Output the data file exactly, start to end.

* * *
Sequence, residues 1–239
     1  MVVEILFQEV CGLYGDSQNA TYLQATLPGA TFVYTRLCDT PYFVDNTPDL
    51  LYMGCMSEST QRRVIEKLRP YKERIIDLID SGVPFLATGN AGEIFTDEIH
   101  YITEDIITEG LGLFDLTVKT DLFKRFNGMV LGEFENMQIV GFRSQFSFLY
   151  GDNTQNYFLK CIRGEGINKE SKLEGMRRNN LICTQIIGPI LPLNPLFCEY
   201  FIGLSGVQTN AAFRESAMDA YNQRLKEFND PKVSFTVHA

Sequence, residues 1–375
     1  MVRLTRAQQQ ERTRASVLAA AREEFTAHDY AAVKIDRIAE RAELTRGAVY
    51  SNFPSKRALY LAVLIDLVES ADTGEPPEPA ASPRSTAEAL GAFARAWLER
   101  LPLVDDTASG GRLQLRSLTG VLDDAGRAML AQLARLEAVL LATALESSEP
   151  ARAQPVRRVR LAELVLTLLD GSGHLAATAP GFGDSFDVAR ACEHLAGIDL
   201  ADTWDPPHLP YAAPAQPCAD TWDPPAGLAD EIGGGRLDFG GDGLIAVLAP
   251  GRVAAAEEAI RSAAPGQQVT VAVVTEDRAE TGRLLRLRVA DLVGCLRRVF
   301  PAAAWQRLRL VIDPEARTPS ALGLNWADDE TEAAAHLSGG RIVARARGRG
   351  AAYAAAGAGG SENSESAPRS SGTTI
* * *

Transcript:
Sequence, residues 1–239
     1  MVVEILFQEV CGLYGDSQNA TYLQATLPGA TFVYTRLCDT PYFVDNTPDL
    51  LYMGCMSEST QRRVIEKLRP YKERIIDLID SGVPFLATGN AGEIFTDEIH
   101  YITEDIITEG LGLFDLTVKT DLFKRFNGMV LGEFENMQIV GFRSQFSFLY
   151  GDNTQNYFLK CIRGEGINKE SKLEGMRRNN LICTQIIGPI LPLNPLFCEY
   201  FIGLSGVQTN AAFRESAMDA YNQRLKEFND PKVSFTVHA

Sequence, residues 1–375
     1  MVRLTRAQQQ ERTRASVLAA AREEFTAHDY AAVKIDRIAE RAELTRGAVY
    51  SNFPSKRALY LAVLIDLVES ADTGEPPEPA ASPRSTAEAL GAFARAWLER
   101  LPLVDDTASG GRLQLRSLTG VLDDAGRAML AQLARLEAVL LATALESSEP
   151  ARAQPVRRVR LAELVLTLLD GSGHLAATAP GFGDSFDVAR ACEHLAGIDL
   201  ADTWDPPHLP YAAPAQPCAD TWDPPAGLAD EIGGGRLDFG GDGLIAVLAP
   251  GRVAAAEEAI RSAAPGQQVT VAVVTEDRAE TGRLLRLRVA DLVGCLRRVF
   301  PAAAWQRLRL VIDPEARTPS ALGLNWADDE TEAAAHLSGG RIVARARGRG
   351  AAYAAAGAGG SENSESAPRS SGTTI